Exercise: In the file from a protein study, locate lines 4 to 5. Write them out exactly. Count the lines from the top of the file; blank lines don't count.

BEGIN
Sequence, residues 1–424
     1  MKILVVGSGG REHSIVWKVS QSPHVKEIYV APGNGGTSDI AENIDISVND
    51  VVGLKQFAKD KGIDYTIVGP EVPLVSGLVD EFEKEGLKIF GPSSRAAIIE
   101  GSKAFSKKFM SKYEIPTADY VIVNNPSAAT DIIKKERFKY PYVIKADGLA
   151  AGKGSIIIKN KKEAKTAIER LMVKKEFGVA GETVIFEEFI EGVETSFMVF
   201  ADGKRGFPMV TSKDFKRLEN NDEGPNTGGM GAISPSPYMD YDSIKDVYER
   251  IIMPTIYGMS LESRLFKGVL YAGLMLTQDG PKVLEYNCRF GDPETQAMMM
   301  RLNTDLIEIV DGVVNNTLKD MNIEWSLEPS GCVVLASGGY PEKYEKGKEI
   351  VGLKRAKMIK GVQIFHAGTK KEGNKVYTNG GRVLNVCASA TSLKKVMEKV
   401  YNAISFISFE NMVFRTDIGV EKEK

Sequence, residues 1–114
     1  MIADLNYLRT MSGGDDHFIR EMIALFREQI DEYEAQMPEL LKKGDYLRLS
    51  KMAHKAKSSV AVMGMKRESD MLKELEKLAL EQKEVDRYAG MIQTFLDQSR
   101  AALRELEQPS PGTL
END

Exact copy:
   101  GSKAFSKKFM SKYEIPTADY VIVNNPSAAT DIIKKERFKY PYVIKADGLA
   151  AGKGSIIIKN KKEAKTAIER LMVKKEFGVA GETVIFEEFI EGVETSFMVF